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Showing: 51-60 results of 180

INTRODUCTION Nature in her ever-constant, ever-changing phases is indispensable to man, his whole existence depends upon her, and she influences him in manifold ways, in mind as well as body. The physical character of a country is reflected in its inhabitants; the one factor of climate alone gives a very different outlook to northerner and southerner. But whereas primitive man, to whom the darkness of night meant anxiety, either feared Nature... more...

THE DISOBEDIENT WOODPECKER ONG, long ago, at the beginning of things, they say that the Lord made the world smooth and round like an apple. There were no hills nor mountains: nor were there any hollows or valleys to hold the seas and rivers, fountains and pools, which the world of men would need. It must, indeed, have been a stupid and ugly earth in those days, with no chance for swimming or sailing, rowing or fishing. But as yet there was no... more...

PREFACE The contents of this book were originally delivered at Trinity College in the autumn of 1919 as the inaugural course of Tarner lectures. The Tarner lectureship is an occasional office founded by the liberality of Mr Edward Tarner. The duty of each of the successive holders of the post will be to deliver a course on ‘the Philosophy of the Sciences and the Relations or Want of Relations between the different Departments of... more...

CHAPTER I FIRST ACQUAINTANCE WITH THE BIRDS It is in spring that wild birds make their strongest appeal to the human mind; in fact, the words "birds" and "spring" seem almost synonymous, so accustomed are we to associate one with the other. All the wild riotous singing, all the brave flashing of wings and tail, all the mad dashing in and out among the thickets or soaring upward above the tree-tops, are impelled by the perfectly natural instinct... more...

Founded on the Leading Characteristics of the Horse. FIRST.—That he is so constituted by nature that he will not offer resistance to any demand made of him which he fully comprehends, if made in a way consistent with the laws of his nature. SECOND.—That he has no consciousness of his strength beyond his experience, and can be handled according to our will, without force. THIRD.—That we can, in compliance with the laws of his... more...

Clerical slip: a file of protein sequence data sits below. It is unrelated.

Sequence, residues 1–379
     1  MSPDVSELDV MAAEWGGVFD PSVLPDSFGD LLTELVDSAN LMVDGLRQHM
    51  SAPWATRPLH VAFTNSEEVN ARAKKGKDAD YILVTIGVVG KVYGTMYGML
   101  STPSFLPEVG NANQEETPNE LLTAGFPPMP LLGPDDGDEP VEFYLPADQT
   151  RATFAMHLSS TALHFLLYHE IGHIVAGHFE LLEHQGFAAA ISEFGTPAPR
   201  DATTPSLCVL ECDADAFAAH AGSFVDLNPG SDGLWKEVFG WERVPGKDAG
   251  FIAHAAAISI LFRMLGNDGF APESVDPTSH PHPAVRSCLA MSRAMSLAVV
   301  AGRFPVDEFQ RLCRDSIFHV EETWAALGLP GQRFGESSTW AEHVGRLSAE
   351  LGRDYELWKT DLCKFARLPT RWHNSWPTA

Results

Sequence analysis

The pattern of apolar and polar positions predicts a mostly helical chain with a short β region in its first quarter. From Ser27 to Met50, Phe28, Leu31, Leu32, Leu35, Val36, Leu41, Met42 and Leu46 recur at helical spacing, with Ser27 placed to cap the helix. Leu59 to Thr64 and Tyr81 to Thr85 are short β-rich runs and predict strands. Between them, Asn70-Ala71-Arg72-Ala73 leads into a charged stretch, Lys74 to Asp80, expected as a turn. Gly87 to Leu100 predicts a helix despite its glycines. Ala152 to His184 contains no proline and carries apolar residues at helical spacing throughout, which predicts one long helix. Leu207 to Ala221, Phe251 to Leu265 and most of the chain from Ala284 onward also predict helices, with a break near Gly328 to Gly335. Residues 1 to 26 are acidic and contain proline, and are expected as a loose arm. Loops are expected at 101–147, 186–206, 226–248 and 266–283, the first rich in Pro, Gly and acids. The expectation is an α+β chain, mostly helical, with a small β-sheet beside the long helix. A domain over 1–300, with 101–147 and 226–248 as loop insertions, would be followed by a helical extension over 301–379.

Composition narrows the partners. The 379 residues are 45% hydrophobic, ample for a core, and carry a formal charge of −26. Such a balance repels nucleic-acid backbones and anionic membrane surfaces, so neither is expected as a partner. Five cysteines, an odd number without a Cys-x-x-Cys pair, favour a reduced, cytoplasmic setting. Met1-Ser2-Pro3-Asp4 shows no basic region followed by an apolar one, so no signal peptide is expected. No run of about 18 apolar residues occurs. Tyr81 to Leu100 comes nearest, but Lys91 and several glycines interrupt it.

Information about osteological changes in the groups of reptiles that gave rise to mammals is preserved in the fossil record, but the musculature of these reptiles has been lost forever. Nevertheless, a reasonably accurate picture of the morphology and the spatial relationships of the muscles of many of these extinct vertebrates can be inferred by studying the scars or other marks delimiting the origins and insertions of muscles on the skeletons... more...

INTRODUCTION. IEvelyn & his literary contemporaries Isaac Walton & Samuel Pepys. Among the prose writers of the second half of the seventeenth century John Evelyn holds a very distinguished position. The age of the Restoration and the Revolution is indeed rich in many names that have won for themselves an enduring place in the history of English literature. South, Tillotson, and Barrow among theologians, Newton in mathematical science,... more...

Supplement To An Address ON Animal Sanctuaries in Labrador BY Lieut.-Colonel William Wood, F.R.S.C. The appeal prefixed to the original Address in 1911 announced the issue of the present supplement in 1912, and asked experts and other leaders of public opinion to set the subject on firm foundations by contributing advice and criticism. The response was most gratifying. The twelve hundred review copies sent out to the Canadian press, and... more...

Chapter I How To Identify Trees There are many ways in which the problem of identifying trees may be approached. The majority attempt to recognize trees by their leaf characters. Leaf characters, however, do not differentiate the trees during the other half of the year when they are bare. In this chapter the characterizations are based, as far as possible, on peculiarities that are evident all year round. In almost every tree there is some one... more...

IN THE SNOW It was a bright, wintry day. The frost jewels sparkled on the snow. The winds blew cutting cold from the north. Phyllis, in her scarlet coat and cap, and long, warm leggings, waded in the deepest drifts she could find. Out by the garden fence was the greatest drift. After floundering through it, Phyllis climbed up and perched on the top rail of the fence. She sat quite still, for she was almost breathless after her struggle in the... more...